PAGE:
In the 19th and 20th centuries great britain had the

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6. What were the effects of the Sepoy Rebellion? UNIT 12.2| Imperialism | SQ 4. How did the British gain, consolidate, and maintain power in India?
Categorize Corroborate Document Analysis Activity: How did the British gain, consolidate, and maintain power in India? Directions: Examine the documents on British power in India and annotate as you read by placing a “G” next to examples of methods that the British used to gain power in India, a “C” next to examples of methods they used to consolidate their power, and an “M” next to examples of methods used to maintain power and add information to this graphic organizer. Document Set 1 The British used their military might and advanced technology to conquer andkeep control of most parts of India. The British Indian Army was made up ofroughly two-thirds Indian soldiers hired to defend the British East IndiaCompany and later the British government’s interests, and just one-thirdBritish soldiers. The British held the highest positions in the military. With the addition of the Maxim Gun, the first widely used machine gun, themilitary was nearly unstoppable. The gun could fire bullet after bullet withoutreloading and could swivel from side to side. British Indian Army soldiers, 1895. Image is courtesy of Wikimedia Commons and is Public Domain Illustration of British Indian Army soldiers and their British commander, 1896. Image is courtesy of Wikimedia Commons and is Public Domain Maxim machine gun mounted on a Dundonald gun carriage, ca. 1890. Image is courtesy of Wikimedia Commons and is Public Domain UNIT 12.2| Imperialism | SQ 4. How did the British gain, consolidate, and maintain power in India?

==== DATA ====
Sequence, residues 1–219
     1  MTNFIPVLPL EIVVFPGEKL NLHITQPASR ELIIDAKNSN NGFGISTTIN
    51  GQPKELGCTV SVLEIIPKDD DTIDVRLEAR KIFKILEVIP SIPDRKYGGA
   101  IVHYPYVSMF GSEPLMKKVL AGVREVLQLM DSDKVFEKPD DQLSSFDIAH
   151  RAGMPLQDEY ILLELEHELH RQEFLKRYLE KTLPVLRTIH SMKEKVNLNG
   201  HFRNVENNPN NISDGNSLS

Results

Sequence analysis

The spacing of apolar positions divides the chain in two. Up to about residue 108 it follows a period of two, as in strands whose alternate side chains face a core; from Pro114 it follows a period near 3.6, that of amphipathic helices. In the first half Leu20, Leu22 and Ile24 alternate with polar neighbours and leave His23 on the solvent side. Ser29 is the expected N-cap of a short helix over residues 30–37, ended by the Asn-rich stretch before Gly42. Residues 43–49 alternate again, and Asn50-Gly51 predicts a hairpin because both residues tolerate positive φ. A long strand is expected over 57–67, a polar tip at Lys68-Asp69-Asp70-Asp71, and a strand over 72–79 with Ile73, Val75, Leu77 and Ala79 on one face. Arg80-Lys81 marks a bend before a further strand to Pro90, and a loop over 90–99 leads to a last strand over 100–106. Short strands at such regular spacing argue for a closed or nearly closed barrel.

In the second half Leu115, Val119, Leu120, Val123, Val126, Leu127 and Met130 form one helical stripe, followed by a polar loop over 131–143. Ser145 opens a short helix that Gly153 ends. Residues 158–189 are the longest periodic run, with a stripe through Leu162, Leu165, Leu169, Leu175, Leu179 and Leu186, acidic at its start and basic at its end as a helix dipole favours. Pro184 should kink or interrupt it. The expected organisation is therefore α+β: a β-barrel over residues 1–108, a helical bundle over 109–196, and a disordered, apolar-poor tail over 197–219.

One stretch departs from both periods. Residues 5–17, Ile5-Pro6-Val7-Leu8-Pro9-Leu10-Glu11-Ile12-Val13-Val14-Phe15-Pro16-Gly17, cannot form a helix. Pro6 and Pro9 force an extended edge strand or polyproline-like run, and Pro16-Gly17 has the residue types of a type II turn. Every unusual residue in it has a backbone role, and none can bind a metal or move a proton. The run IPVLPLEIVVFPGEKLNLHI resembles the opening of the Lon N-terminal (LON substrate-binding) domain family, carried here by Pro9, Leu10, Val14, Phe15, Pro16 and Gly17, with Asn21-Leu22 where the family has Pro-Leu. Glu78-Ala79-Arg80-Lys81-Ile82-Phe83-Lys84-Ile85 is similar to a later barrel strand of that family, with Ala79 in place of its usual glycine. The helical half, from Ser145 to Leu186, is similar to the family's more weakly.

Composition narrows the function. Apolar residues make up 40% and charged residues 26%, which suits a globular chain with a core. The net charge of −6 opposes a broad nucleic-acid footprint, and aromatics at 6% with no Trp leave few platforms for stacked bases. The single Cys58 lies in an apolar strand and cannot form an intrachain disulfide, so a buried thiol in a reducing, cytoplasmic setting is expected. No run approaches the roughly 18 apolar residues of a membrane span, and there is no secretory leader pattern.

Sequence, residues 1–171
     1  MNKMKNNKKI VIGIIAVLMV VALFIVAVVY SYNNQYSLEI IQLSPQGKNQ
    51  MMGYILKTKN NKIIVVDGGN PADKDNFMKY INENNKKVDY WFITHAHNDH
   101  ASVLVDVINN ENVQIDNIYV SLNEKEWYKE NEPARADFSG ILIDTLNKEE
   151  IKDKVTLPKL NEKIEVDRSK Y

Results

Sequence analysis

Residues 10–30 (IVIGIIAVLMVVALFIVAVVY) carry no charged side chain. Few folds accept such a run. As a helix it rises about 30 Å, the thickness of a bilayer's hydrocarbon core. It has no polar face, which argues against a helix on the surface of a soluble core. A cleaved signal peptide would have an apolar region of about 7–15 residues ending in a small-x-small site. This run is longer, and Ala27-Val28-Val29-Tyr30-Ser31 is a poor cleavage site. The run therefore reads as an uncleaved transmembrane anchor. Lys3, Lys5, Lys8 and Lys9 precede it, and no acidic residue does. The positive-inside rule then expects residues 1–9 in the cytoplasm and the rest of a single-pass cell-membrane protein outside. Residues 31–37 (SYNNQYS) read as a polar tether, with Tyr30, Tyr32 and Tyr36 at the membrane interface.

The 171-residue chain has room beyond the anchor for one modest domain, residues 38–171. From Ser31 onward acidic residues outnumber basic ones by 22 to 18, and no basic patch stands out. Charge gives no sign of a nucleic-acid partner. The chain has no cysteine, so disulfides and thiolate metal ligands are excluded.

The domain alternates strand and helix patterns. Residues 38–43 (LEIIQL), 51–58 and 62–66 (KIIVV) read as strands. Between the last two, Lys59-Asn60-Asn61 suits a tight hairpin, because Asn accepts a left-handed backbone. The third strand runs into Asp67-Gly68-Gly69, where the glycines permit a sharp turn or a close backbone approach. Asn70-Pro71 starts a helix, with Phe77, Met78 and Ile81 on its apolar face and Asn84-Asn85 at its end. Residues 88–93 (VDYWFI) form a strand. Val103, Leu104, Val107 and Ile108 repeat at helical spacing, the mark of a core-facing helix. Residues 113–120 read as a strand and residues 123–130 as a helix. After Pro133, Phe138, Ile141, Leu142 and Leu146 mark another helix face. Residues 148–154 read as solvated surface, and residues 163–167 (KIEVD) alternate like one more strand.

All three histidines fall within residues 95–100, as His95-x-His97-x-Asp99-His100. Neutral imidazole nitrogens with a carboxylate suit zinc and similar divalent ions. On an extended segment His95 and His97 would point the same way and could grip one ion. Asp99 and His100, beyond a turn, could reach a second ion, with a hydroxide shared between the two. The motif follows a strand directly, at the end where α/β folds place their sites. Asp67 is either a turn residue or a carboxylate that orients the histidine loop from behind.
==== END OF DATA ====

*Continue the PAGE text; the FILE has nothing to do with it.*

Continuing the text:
Document Set 2 An enduring monument to British imperialism in India is the Indian railway system, which at the time of independence in 1947 had more track mileage than that of any European state and less than only the United States, Canada, and the Soviet Union. The first railway track was laid in India in 1850, and by 1915 India had better than forty thousand miles of track and approximately one hundred million railroad passengers per year. Indian railway building was supported by several powerful groups: British cotton manufacturers, for whom railways were a cheap and efficient way to get cotton to the coast for shipment to England; British industrialists, who supplied India with most of its rails, locomotives, moving stock [railroad cars], and equipment; colonial officials, who saw

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